Starting A New Job in a Foreign Language

Let’s say that you just got your first job in your second language. You feel confident that you can do it because you are mostly fluent in it. This new adventure is to be taken as a new challenge and a new positive experience, in which you will improve what you already know and learn many ways and common idioms and interactions with natives of the language. Nevertheless, there are going to be some obstacles along the way that can prove a bit tall to surmount, but worry not, here you have some advice and tools that might help you get to the finish line!


You have to expect that at the beginning it will on occasions be a challenge. Every branch of work, regardless of what you already know, will have many new terms and acronyms that may be unknown to you. You have to be prepared, for the first month or so, to hear things and entire conversations that might not be able to grasp the entire meaning of it. It’s a good idea to keep an English vocabulary book on hand in your bag at all times. However, also remember that not everything is always vocabulary because it is sometimes culture. But if you are steady, and study a little after work, it is most surely achievable. One thing is certain, you musn’t let frustration take the better of you and quit; just keep rolling and be very open minded.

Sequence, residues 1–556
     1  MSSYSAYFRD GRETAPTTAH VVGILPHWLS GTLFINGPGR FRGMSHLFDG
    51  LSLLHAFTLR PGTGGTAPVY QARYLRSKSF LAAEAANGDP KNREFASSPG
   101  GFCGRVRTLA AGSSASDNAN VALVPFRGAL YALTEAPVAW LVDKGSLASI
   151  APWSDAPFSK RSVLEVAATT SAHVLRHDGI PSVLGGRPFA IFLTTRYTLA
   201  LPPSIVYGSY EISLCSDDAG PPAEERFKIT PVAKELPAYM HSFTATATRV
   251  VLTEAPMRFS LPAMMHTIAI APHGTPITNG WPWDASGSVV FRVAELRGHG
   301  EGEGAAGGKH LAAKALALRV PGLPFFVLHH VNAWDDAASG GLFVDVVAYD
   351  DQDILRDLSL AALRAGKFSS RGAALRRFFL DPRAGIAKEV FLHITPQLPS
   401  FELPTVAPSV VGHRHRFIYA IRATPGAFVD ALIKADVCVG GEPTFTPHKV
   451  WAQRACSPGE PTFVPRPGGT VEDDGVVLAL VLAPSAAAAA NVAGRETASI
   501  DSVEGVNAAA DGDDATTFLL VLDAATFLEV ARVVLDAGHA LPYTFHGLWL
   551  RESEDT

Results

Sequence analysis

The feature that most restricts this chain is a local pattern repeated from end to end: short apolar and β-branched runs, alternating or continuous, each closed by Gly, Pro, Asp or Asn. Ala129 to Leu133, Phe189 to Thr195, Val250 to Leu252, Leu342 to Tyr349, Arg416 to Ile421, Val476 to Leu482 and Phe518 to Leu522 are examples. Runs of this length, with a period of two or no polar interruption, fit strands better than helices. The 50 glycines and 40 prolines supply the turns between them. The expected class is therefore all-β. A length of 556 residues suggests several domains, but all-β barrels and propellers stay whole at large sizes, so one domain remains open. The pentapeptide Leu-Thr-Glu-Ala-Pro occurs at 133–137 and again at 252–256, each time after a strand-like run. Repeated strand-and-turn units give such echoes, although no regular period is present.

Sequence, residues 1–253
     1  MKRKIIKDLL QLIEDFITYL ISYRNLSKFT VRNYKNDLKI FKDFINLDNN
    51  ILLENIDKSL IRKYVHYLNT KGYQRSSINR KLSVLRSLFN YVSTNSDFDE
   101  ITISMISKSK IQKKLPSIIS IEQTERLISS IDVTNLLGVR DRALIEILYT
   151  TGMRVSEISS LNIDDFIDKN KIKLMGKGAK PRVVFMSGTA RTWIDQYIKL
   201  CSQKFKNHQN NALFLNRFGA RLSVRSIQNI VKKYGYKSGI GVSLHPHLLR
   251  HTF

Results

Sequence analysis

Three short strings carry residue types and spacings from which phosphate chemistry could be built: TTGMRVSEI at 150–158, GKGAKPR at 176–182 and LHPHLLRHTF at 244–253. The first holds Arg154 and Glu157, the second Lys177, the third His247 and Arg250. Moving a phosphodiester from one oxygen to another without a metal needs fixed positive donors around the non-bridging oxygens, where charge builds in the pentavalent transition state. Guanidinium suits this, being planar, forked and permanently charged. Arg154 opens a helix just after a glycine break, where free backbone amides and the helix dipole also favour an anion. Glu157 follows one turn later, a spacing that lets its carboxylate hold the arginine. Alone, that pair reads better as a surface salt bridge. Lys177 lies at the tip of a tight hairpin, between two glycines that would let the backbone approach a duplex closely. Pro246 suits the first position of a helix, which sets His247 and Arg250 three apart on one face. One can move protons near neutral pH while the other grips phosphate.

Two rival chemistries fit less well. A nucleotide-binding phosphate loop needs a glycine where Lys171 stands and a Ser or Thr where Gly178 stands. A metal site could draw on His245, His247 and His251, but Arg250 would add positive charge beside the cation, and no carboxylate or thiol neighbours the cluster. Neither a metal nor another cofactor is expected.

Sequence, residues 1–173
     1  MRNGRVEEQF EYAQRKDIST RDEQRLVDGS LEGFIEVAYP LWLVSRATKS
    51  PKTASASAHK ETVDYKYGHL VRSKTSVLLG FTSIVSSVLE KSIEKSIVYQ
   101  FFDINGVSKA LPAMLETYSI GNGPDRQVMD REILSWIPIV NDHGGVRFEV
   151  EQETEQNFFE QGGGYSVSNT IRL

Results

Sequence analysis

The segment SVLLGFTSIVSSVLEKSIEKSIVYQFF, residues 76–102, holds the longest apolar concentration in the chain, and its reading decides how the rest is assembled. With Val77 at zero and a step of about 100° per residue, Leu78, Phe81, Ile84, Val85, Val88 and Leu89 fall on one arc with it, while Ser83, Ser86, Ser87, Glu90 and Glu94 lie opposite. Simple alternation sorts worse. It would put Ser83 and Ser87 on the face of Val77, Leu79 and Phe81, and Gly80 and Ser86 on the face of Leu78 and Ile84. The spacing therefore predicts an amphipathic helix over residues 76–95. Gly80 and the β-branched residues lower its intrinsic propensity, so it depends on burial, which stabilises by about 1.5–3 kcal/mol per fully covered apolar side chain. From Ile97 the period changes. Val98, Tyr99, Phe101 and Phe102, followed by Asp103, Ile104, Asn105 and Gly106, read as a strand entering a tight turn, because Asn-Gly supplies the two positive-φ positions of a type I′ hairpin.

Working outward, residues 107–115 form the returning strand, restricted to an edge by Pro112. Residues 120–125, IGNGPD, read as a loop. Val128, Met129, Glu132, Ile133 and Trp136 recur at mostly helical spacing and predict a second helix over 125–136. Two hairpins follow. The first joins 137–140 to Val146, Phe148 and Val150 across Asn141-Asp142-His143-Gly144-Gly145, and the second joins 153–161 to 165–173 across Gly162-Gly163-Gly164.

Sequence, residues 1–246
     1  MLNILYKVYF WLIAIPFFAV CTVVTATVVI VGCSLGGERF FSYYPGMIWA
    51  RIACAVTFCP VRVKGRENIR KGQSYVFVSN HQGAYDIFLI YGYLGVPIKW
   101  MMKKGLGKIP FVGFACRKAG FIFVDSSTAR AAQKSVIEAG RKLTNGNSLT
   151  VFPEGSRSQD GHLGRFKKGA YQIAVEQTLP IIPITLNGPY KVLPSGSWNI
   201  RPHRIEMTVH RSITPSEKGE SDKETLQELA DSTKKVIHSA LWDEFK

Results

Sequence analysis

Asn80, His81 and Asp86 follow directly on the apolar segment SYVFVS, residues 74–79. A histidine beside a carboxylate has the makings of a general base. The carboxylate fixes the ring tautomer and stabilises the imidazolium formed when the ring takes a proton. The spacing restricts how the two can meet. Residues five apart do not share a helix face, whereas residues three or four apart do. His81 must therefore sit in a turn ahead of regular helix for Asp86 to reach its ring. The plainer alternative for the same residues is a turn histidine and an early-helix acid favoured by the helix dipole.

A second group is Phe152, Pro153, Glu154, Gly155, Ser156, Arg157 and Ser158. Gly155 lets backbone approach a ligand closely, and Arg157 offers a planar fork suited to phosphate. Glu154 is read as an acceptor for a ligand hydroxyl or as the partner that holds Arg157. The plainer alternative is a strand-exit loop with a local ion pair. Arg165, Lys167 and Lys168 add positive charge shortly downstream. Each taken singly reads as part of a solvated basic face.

This has nothing to do with you being mad, on the contrary. Although you might be hearing this language all the time at the office or workplace, it doesn’t mean that you are significantly increasing your knowledge. You’re missing key factors such as grammar and spelling feedback that you would gain in language classes. It is the time then to get help. There are many tools that can assist you: For instance, you can get in contact with a native teacher, with whom you can arrange courses where you can review in more detail and intensity many grammar rules or idioms, or even help you with your social skills within the culture; do’s and don’ts etc.


Try not to be too eager to learn everything fast. Maybe if you go bit-by-bit, problem-by-problem, it will be much more productive than trying to understand everything in two weeks. Perseverance is a great trait in someone facing new challenges and wanting to discover a new life, a new culture, so be patient. Set some realistic goals and start accomplishing them one at a time. Every week learn a new subject or get into one particular work-related theme that you might want to attack, or if it was mentioned in your weekly meetings. You can also get help from your work colleagues because there is always someone willing to help. Remember that this new job is an opportunity to improve on what you already know so give it a chance and let yourself go!

And if you’re in the process of considering a career in your second language but haven’t yet fully committed, try this international job website for inspiration!